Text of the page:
Posted in refugees

Crumbs from our table

The reading from Matthew’s gospel set for today is a tough read. Jesus is approached by a woman who is a foreigner – and described by Matthew as a Canaanite, the ancient enemies of Israel. She’s shouting, demanding help for her daughter. The disciples urge Jesus to get rid of this nuisance, and he agrees – ‘I was sent only to the lost sheep of the house of Israel’. You’d have thought that would be enough to put her off, but she comes again, and kneels in front of Jesus. His response – to insult her further, using the racial slur of his day for non-Jews: ‘it’s not fair to take the children’s food and throw it to the dogs’. And in her grief and desperation and humility the woman takes the slur, and rather than rejecting it she turns it around: ‘even the dogs eat the crumbs that fall from their masters’ table’. And it is that which makes the difference. Jesus praises her faith, and heals the woman’s daughter.








Get rid of them! They’re a threat to our identity, our jobs! Pull up the drawbridge, our own resources are just for us! Jesus’ disciples, and Jesus himself, sound in this gospel reading like first century versions of those who are happy to see asylum seekers ‘pushed back’ – or even left to drown. But that is not where the gospel story ends – and it’s not the message of Matthew’s gospel. Matthew is the most Jewish gospel – rooted in the Hebrew Scriptures, arguing passionately that Jesus is the fulfillment of Israel’s promise. For Matthew, this is indeed good news for the house of israel. But all the way through, from the beginning to the end, there is a counter-theme of faith coming from unexpected places, from the people who shouldn’t be part of the story. From the Gentile women in Jesus’ genealogy to the centurion at his death, the story of salvation keeps on including those who were not part of the Jewish people.

There is no Christian option for rejecting those in need. However much we feel the natural and human desire to put up the barriers and lock the doors, the gospel is clear that if we do so we are not following the example of Jesus. Do we want people to pay criminals to enable them to embark on hazardous journeys across the English Channel? Of course not. But while the United Kingdom makes it impossible for people to claim asylum here except by getting into the country – and smiultaneously makes it near impossible for anyone to do so – we leave those who are desperate no choice. We force them to accept our prejudiced view, making them ‘illegal migrants’ by denying any dignified or humane route. We aren’t willing to share even crumbs from our table. as a nation we should be praying again in repentance:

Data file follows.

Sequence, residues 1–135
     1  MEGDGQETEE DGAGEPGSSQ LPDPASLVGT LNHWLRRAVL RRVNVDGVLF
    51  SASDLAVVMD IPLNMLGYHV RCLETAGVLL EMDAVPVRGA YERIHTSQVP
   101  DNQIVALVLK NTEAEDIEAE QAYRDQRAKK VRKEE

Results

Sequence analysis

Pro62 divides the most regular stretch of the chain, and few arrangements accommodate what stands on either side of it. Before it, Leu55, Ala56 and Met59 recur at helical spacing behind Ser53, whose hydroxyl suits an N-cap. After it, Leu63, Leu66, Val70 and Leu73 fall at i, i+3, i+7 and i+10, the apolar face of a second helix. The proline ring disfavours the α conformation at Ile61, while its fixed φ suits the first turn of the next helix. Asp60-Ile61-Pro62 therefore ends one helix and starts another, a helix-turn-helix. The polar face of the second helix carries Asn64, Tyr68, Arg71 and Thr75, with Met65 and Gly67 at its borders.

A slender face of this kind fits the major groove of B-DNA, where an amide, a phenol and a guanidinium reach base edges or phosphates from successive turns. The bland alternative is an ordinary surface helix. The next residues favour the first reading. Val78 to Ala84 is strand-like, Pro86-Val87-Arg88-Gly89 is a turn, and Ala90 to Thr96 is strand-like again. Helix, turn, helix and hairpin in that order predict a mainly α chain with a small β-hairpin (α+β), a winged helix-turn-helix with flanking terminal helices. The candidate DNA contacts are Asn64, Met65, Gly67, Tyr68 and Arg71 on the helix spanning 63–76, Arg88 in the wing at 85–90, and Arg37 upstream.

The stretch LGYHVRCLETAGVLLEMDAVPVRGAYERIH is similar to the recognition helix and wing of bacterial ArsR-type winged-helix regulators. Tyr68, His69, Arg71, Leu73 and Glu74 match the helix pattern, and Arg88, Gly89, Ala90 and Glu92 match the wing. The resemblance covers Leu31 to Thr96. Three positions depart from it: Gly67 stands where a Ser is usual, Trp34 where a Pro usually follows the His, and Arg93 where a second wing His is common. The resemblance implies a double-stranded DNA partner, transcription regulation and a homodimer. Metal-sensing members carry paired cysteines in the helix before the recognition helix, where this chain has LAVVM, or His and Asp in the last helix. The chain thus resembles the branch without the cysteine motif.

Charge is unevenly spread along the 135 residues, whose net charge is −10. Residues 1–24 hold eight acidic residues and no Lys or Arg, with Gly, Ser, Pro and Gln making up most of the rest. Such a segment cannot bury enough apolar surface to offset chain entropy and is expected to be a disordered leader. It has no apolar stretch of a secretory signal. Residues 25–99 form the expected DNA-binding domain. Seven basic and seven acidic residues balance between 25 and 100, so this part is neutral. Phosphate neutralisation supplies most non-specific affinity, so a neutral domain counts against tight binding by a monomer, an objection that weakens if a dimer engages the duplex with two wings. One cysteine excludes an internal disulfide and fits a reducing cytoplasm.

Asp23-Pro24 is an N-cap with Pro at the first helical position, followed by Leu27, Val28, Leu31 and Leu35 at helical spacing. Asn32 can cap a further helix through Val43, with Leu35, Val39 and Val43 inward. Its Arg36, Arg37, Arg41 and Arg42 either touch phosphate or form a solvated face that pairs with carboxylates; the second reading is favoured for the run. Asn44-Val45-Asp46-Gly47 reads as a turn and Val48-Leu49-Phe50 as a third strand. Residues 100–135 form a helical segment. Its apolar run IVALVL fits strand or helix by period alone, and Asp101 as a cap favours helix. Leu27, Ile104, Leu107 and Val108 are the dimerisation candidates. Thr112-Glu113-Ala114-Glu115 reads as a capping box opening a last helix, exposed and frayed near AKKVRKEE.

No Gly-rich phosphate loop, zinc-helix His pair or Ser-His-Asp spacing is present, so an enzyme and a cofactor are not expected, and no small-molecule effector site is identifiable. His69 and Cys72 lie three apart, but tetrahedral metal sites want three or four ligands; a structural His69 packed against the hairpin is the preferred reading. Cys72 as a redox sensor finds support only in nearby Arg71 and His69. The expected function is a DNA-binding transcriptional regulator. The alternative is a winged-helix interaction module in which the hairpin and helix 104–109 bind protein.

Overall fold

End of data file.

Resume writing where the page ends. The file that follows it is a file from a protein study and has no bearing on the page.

We are not worthy

so much as to gather up the crumbs under your table.

But you are the same Lord

whose nature is always to have mercy.

Posted in Church of England, spirituality

An unpopular post

Repentance is something that has fallen well out of favour with preachers for several decades now. There is one very good reason – which is that the preaching of repentance had far too much in it of trying to persuade people that they were sinners, and far far too much about the punishments God might have in mind. But repentance is not about making people feel bad – most people feel bad enough already; the question is what you do about it. And it’s definitely not about punishment: the call to repent is about turning round to embrace the goodness of God. The aim of repentance is not misery, but change. Change is what we face, in our world and in our church. Repentance is practical, costly change. It goes to the very heart of who we are and bears fruit in lives that are lived differently.

As we come towards the end of this phase of lockdown, the question is particularly acute: this is a moment for decision. Is the re-opening of churches for public worship to be a going back, or a moving forward? After all the insecurity and exhaustion of the last few months, nothing would be more comforting than to settle back, as far as we may, into what we were used to. There’s something genuine in that desire: we all need a break, we all need some sense of security again. As with all the most tempting temptations, it is very nearly the right thing to do. But I believe it is a temptation, and it is not of God. To settle back now would be to turn away from all that we have seen and learnt, very painfully in the days of the pandemic. God is calling us to go forward – in trust that ‘those who wait in the Lord will renew their strength’, as Isaiah puts it, repenting of those habits and ways which we did not until now realise were blinding us to our calling as disciples of Jesus.